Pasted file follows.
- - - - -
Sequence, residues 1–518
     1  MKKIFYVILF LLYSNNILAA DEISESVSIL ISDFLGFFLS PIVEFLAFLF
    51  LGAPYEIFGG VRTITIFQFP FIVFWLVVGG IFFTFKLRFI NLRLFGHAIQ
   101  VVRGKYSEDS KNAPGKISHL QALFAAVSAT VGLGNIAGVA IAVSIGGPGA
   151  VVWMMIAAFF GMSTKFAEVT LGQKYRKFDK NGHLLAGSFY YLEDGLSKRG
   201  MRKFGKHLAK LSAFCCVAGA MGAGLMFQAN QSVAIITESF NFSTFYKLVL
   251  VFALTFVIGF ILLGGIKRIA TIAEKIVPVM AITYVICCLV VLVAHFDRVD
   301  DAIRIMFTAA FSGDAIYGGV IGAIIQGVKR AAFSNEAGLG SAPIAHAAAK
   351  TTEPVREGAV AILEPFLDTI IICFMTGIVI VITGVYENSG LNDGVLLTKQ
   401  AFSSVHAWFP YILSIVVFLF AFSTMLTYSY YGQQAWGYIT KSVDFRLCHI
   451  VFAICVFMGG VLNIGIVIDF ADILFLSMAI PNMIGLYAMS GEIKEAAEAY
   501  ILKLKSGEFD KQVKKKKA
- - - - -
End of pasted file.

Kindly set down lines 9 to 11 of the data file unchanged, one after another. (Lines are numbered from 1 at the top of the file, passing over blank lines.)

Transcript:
   351  TTEPVREGAV AILEPFLDTI IICFMTGIVI VITGVYENSG LNDGVLLTKQ
   401  AFSSVHAWFP YILSIVVFLF AFSTMLTYSY YGQQAWGYIT KSVDFRLCHI
   451  VFAICVFMGG VLNIGIVIDF ADILFLSMAI PNMIGLYAMS GEIKEAAEAY